Although archeological exploration of Bhutan has been limited, evidence of civilization in the region dates back to at least 2000 B.C. Aboriginal Bhutanese, known as Monpa, are believed to have migrated from Tibet. The traditional name of the country since the 17th century has been Drukyul, Land of the Drokpa (Dragon People), a reference to the dominant branch of Tibetan Buddhism that is still practiced in the Himalayan kingdom.
For centuries, Bhutan was made up of feuding regions until it was unified under King Ugyen Wangchuck in 1907. The British exerted some control over Bhutan's affairs, but never colonized it. Until the 1960s Bhutan was largely isolated from the rest of the world, and its people carried on a tranquil, traditional way of life, farming and trading, which had remained intact for centuries. After China invaded Tibet, however, Bhutan strengthened its ties and contact with India in an effort to avoid Tibet's fate. New roads and other connections to India began to end its isolation. In the 1960s Bhutan also undertook social modernization, abolishing slavery and the caste system, emancipating women, and enacting land reform. In 1985, Bhutan made its first diplomatic links with non-Asian countries.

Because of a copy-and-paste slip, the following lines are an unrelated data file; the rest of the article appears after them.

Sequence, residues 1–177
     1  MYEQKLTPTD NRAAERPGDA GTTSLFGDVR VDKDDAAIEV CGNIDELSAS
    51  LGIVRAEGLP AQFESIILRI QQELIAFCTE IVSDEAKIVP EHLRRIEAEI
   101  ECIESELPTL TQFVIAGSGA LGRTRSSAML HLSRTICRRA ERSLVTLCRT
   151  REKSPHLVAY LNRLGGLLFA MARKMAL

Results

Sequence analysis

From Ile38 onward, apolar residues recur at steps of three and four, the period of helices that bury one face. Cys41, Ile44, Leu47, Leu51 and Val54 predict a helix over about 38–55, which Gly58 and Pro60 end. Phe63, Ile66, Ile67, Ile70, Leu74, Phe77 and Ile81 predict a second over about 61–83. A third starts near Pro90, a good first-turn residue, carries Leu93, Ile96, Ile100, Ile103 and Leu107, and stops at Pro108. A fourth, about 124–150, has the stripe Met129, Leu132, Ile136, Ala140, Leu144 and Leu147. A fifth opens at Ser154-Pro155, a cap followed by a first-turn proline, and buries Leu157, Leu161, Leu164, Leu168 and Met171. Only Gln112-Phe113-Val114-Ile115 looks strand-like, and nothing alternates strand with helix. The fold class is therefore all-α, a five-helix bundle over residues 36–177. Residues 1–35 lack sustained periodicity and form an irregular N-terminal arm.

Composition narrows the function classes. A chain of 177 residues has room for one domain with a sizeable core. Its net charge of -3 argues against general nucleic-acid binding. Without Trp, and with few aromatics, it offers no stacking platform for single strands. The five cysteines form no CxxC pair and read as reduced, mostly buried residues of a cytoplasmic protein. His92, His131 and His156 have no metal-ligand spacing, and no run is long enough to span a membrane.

In 1998, King Jigme Singye Wangchuck, who is Bhutan's fourth hereditary ruler, voluntarily curtailed his absolute monarchy, and in March 2005 released a draft constitution (not yet put to a referendum) that outlined plans for the country to shift to a two-party democracy. In Dec. 2006, he abdicated in favor of his son, and Crown Prince Jigme Khesar Namgyal Wangchukin became king. Prime Minister Lyonpo Khandu Wangchuk resigned in July 2007 so he could join a political party in anticipation of the country's first elections, scheduled to be held in early 2008. Lyonpo Kinzang Dorji took over as the interim prime minister.
The phallus is a sacred symbol in Bhutan. The country’s most popular saint, Drupka Kunley, is said to have is seduced his way across the country, subduing maidens and demonesses with his penis.